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In 1864, the famous French world traveller Louis Rousselet described “[a] vast sheet of water, covered with lotuses in flower, amid which thousands of aquatic birds are sporting” at the shores of which bathers washed, surrounded by jungle greenery. He was not describing a lakeside scene or one of India’s famous riverside ghats, but an ancient well, as big as a large pond – The Stepwells1

Stepwells are wells or ponds used to store water and it is reached by descending a set of steps, hence the name Step wells. Stepwells are examples of many types of storage and irrigation tanks that were developed in India, primarily to manage seasonal instabilities in water availability. A basic difference between stepwells, and tanks and wells, is – Stepwells make it easier for people to reach the ground water and to maintain and manage the well.


The earliest stepwells date to around 550 A.D., but the most famous of them were built in primitive times. It is estimated that more than 3,000 stepwells were built in the two northern states. Although many have fallen into poor condition and have been filled in with trash in the modern era, hundreds of wells still exist.

In Telangana alone, there are more than 75 stepwells per a survey by HDF (Hyderabad Design Forum)

These wells are known by many names. Hindus call them as baori, baoli, baudi, bawdi, or bavadi. Gujaratis know them as vav.

Two common types of wells are: 1. Step pond with a large open top and 2. Graduated sides meeting at a relatively shallow depth. Stepwells usually consist of two parts: a vertical shaft (protected from direct sunlight by a full or partial roof) from which water is drawn and the surrounding inclined subterranean passageways, chambers and steps which provide access to the well. The galleries and chambers surrounding these wells were often carved abundantly with intricate detail and became cool, quiet retreats during the hot summers. Temples and resting areas with beautiful carvings are built into many of the wells. 3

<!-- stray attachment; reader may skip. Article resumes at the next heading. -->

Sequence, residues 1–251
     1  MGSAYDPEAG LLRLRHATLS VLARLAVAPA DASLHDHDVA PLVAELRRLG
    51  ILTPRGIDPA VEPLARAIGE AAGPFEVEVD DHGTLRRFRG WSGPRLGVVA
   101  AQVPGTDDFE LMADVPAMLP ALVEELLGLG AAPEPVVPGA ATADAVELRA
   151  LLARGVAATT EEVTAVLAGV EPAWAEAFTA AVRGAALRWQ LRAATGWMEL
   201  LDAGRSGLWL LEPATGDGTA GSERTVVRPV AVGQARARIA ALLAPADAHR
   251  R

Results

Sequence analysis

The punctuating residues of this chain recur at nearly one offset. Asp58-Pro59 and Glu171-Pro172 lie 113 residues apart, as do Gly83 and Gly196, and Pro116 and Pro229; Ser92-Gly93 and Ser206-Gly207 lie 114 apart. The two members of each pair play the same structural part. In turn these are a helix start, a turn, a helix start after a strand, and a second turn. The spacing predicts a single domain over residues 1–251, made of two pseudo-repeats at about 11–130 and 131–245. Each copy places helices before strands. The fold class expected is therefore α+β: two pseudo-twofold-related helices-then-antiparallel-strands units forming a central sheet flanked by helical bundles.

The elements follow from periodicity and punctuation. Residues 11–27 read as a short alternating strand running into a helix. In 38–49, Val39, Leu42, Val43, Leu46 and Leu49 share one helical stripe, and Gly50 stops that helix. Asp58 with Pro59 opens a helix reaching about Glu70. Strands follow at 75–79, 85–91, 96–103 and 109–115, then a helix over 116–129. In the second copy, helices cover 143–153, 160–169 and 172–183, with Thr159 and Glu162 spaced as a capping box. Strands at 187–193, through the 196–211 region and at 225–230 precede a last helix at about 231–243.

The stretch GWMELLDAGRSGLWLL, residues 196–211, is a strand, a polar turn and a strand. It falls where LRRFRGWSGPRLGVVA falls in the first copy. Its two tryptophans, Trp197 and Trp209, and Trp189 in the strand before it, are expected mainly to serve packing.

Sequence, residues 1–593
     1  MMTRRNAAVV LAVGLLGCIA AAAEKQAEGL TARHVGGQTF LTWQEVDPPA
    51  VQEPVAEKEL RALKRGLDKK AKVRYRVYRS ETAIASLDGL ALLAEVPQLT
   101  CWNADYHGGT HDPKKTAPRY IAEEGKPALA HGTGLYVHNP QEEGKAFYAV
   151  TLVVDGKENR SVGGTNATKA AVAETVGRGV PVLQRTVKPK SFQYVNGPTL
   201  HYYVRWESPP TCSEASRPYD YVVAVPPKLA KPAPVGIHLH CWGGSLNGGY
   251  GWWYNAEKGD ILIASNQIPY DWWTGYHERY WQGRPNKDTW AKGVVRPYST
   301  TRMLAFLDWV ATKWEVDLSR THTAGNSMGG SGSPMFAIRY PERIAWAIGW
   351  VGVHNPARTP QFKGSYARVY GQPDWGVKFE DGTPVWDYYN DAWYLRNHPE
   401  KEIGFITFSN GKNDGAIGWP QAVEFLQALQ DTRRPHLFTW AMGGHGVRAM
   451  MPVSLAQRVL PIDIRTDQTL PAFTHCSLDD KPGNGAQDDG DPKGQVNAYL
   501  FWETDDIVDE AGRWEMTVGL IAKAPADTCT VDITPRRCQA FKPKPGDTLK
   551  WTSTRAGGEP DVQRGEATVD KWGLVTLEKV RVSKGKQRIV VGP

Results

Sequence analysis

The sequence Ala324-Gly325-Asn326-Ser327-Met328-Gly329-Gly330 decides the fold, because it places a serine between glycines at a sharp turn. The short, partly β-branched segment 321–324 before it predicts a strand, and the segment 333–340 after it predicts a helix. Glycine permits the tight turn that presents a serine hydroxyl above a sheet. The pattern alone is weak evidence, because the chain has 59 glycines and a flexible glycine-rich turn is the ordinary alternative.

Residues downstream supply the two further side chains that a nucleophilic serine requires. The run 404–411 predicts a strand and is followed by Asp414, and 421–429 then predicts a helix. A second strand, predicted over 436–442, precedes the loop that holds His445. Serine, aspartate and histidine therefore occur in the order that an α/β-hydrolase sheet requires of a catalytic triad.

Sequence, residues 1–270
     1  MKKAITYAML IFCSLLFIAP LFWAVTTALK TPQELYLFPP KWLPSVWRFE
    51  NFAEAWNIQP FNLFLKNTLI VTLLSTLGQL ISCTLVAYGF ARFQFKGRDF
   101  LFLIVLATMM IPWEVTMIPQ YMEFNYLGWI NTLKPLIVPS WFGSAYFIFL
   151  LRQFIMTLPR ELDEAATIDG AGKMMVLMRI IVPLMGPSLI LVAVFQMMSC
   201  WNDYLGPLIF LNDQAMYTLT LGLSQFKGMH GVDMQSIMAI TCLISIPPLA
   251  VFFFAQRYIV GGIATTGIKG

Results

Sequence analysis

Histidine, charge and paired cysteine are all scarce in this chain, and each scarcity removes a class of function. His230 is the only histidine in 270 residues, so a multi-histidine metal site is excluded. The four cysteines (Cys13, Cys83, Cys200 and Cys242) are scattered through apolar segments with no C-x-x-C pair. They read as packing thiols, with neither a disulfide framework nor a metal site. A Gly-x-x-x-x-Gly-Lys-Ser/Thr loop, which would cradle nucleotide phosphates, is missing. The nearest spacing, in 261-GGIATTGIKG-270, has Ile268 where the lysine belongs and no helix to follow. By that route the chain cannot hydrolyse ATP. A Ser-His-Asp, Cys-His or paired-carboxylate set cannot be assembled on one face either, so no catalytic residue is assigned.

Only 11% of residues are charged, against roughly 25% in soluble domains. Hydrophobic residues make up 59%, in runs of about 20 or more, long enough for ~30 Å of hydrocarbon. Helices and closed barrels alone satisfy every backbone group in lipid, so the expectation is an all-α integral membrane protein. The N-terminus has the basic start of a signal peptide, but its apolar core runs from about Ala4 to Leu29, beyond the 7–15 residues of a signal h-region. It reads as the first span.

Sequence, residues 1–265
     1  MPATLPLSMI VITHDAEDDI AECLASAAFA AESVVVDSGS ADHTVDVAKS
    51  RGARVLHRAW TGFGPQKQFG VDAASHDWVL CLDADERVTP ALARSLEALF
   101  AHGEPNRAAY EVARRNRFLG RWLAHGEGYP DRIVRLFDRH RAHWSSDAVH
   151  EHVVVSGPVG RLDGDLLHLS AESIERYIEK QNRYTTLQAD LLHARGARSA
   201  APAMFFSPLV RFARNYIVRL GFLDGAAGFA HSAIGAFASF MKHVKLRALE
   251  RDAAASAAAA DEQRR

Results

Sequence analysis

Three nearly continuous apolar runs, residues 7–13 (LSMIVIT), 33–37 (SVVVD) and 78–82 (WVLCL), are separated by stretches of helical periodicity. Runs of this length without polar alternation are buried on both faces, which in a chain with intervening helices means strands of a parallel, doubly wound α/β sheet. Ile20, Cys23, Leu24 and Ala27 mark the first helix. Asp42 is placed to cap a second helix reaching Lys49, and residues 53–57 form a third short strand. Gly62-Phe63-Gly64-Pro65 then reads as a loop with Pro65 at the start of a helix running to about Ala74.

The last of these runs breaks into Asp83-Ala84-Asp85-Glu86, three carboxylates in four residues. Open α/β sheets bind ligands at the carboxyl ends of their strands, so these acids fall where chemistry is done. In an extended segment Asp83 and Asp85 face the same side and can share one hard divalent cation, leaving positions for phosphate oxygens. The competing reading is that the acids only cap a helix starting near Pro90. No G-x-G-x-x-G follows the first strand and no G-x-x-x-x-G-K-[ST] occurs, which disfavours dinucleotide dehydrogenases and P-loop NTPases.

Most surviving stepwells originally served relaxation purpose along with providing water. This was because the base of the well provided respite from high temperature during the day, and relief was amplified if the well was covered.4

Stepwells also served as a place for social gettogethers and holy rituals. Usually, women were associated with these wells because they were responsible to get water. And, majorly they used to pray and offer gifts to the goddess of the well for her blessings. This led to the building of some significant decorative and architectural structures, often associated with dwellings. It also ensured their survival as monuments.


The stepwell ensured availability of water during periods of drought. The stepwells had social, cultural and religious significance. These stepwells were proven to be well-built sturdy structures, after withstanding earthquakes.


Stepwells are certainly one of India’s most unusual, but little-known, contributions to architecture. They influenced many other structures in Indian architecture, especially many that incorporate water into their design.



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